October 11, 2013, 10:04 AM

Macy’s pauses on selling online in China

The retailer backs off plans to sell via a Chinese e-retailer that it invested in.

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When Macy’s Inc. invested $15 million in Chinese flash-sale retailer Jiapin.com last year, the U.S. retail chain projected selling its INC apparel brand online in China by June 2013. That date came and went, and Jiapin is not selling Macy’s products. In fact, an e-commerce site Jiapin created for Macy’s, Oumei.com, is no longer accessible to consumers. Plus, Jiapin’s founder left the company in March.

Macy’s needs more time to develop a strategy for China, company executives say. “Macy’s is very intrigued by China,” chief financial officer Karen Hoguet said in September at the Consumer Summit organized by Al Tayer Group LLC.  “We have studied China for more than 10 years, but we still need to figure out how to go there.”

Meanwhile, Chinese online shoppers still can buy from the retailer’s U.S.-based e-commerce site, Macys.com, which is No. 12 in the 2013 Internet Retailer Top 500. Macys.com has shipped to Chinese consumers since 2011. “Nothing much has changed,” a Macy’s spokesman says. “We continue to be interested in international expansion at some point, and believe there is potential long-term opportunity. We continue to sell internationally to 100-plus countries via Macys.com. We continue to hold our equity interest in Jiapin.com and expect to continue to do so. We continue to watch the marketplace in China and other countries and to learn about the preferences of customers in other cultures. We have no current plans for additional expansion.”

At least one Chinese e-commerce observer questions Macy’s plan to start selling on its own e-commerce site before opening a storefront on one of the online marketplace that accounts for most online retail sales in China, such as Alibaba Group’s Tmall or JD.com, especially without having any bricks-and-mortar stores in the country.

“Macy’s chooses to invest in building its own site first, but normally Western brands like to sell on a online marketplace as a start in China,” says Dou Zhijian, senior analyst at Neovalue, a Chinese research company, “I think Macy’s may open a store on Tmall in the future. It is good way to learn about Chinese customers quickly and save costs. Building an online shopping site may not be very hard technically, but it requires spending a lot on marketing. Also, Macy’s needs to open its physical store in China, since its strength is in store management.”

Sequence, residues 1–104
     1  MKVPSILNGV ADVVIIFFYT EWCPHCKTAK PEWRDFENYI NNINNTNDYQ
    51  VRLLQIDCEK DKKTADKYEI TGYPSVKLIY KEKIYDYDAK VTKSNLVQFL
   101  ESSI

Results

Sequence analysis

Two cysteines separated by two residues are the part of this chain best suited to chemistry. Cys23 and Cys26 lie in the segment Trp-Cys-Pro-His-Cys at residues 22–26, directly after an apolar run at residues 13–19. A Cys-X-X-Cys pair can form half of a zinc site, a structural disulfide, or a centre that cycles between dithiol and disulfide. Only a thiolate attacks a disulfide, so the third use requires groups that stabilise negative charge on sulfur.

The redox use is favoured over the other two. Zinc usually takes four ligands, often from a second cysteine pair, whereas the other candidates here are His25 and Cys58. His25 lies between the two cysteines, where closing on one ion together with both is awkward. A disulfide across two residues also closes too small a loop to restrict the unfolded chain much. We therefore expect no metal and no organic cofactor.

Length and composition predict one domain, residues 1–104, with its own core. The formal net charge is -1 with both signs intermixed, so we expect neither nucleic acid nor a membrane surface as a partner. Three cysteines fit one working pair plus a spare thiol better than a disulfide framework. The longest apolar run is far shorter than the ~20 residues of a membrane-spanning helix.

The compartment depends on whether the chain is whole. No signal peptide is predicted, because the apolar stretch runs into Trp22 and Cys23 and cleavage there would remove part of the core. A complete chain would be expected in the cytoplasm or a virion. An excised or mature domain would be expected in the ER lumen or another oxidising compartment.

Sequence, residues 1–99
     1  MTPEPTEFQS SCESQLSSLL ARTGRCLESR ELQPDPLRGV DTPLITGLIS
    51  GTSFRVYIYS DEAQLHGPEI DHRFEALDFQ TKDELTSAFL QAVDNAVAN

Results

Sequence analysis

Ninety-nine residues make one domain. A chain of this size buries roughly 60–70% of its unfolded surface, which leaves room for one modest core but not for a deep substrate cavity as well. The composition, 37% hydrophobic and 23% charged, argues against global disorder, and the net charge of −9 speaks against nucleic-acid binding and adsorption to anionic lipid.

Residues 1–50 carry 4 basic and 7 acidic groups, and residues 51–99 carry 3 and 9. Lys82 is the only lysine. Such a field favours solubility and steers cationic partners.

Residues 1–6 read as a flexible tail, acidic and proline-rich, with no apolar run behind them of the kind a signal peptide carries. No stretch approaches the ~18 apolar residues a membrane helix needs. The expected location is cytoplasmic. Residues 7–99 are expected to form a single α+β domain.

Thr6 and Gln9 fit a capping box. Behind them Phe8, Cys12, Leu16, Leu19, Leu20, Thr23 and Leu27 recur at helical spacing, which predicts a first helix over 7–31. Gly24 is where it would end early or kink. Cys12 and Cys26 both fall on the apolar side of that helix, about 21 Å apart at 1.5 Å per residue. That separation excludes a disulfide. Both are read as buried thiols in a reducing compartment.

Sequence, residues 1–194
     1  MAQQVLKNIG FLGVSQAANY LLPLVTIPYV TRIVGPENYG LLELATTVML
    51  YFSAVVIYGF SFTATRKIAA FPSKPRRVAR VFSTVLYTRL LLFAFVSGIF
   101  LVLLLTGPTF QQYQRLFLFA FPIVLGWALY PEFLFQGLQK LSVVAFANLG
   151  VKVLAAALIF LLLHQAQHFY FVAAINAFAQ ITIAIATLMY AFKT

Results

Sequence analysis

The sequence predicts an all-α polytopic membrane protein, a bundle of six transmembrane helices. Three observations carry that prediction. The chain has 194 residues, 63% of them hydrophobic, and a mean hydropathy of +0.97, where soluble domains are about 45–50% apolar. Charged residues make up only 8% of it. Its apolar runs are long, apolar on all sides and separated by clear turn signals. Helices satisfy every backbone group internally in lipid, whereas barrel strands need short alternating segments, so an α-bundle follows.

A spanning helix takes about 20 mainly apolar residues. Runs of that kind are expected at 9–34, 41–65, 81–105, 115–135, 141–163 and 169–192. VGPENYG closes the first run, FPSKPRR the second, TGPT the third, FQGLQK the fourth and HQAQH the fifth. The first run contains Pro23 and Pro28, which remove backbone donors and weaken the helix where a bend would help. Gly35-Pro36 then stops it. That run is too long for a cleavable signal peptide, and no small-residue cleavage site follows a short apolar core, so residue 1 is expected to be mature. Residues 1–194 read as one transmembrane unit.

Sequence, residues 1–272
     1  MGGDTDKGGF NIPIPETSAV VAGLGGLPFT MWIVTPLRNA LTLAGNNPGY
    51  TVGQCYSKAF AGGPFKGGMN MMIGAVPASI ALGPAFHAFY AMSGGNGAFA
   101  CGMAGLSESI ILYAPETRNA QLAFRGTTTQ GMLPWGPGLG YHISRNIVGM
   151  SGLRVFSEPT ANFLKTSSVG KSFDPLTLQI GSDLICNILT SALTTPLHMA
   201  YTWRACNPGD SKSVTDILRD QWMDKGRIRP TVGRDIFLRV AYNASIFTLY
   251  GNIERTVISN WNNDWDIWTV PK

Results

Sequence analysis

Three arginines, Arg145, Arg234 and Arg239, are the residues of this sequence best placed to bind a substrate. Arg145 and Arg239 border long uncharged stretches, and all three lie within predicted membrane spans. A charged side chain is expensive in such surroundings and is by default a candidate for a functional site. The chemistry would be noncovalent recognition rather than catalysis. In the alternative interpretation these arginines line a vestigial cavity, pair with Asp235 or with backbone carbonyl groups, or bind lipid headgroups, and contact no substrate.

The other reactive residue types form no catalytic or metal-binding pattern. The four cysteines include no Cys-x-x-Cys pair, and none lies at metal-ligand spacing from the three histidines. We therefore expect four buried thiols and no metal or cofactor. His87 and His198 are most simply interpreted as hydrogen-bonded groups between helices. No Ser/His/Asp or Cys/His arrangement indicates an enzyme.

Chinese media have reported that Macy’s may open its first China store in Shanghai this year, but Macy’s declined comment.

Alibaba is No. 1 in the Internet Retailer Asia 500 and JD.com, formerly 360buy.com, No. 3.

Western brands like Macy’s also need to understand the differences in selling to Chinese versus Western online shoppers, says Jim Reesing, executive vice president of global accounts at Freeborders, a U.S. consulting firm that advises companies on e-commerce in China. “It is far from enough to just translate sites from English to Chinese,” Reesing says. “For example, the dimension units and payment system are totally different. Compared to U.S. customers, Chinese consumers want merchants to show more pictures and look for more details. They also like to ask many questions to an online representative before they place an order.”

While Macy’s considers its options, other retail chains are moving into China, For example, high-end Hong Kong retailer Lane Crawford last month invested $65.4 million to open a store in Shanghai with 500 international brands. The department store chain has two stores in Beijing and plans to open another in Chengdu. “The base of Chinese luxury consumers is increasing,” says Andrew Keith, president of Lane Crawford. “We will use both offline and online to expand our distribution channels to Chinese consumers.” Lane Crawford launched its Chinese site in last year. Marks & Spencer, the U.K.-based department store chain has opened 14 stores in China in the past two years and an e-commerce store on Tmall.

Marks & Spencer is No. 18 in the Internet Retailer Europe 500.

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